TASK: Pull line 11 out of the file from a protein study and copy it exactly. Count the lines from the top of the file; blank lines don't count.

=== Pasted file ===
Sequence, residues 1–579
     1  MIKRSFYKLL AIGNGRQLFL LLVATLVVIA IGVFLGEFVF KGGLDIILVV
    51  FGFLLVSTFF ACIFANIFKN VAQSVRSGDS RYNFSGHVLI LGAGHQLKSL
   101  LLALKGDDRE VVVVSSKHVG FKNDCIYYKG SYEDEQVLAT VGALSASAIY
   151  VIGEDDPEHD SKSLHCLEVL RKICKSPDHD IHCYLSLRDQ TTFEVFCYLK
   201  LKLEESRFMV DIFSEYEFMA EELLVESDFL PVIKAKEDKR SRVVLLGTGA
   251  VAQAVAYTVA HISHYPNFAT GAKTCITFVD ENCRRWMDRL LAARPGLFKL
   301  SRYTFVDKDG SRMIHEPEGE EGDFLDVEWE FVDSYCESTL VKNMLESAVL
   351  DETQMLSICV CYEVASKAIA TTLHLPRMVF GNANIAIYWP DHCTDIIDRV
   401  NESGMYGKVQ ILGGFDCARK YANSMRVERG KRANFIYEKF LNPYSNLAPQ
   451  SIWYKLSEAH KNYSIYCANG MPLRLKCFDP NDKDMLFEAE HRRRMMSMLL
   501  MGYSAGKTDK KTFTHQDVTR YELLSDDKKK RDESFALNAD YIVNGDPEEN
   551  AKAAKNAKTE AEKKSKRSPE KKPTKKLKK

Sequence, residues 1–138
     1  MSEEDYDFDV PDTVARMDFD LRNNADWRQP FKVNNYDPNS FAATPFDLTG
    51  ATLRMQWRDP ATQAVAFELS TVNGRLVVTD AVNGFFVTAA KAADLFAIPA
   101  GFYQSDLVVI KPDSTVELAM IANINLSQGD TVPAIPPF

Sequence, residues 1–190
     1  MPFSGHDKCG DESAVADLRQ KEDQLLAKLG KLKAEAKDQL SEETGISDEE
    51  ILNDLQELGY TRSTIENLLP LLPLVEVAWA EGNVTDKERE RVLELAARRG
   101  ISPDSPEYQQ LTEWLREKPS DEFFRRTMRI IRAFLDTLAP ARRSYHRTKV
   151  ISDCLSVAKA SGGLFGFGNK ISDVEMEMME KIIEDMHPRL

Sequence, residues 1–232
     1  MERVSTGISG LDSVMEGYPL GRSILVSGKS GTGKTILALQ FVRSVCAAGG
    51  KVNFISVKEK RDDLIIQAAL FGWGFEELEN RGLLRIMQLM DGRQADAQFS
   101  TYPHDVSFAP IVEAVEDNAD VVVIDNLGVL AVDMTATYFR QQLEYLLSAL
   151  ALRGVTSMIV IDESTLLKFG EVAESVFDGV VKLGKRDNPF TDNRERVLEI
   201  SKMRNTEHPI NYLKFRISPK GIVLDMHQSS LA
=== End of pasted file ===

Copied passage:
   451  SIWYKLSEAH KNYSIYCANG MPLRLKCFDP NDKDMLFEAE HRRRMMSMLL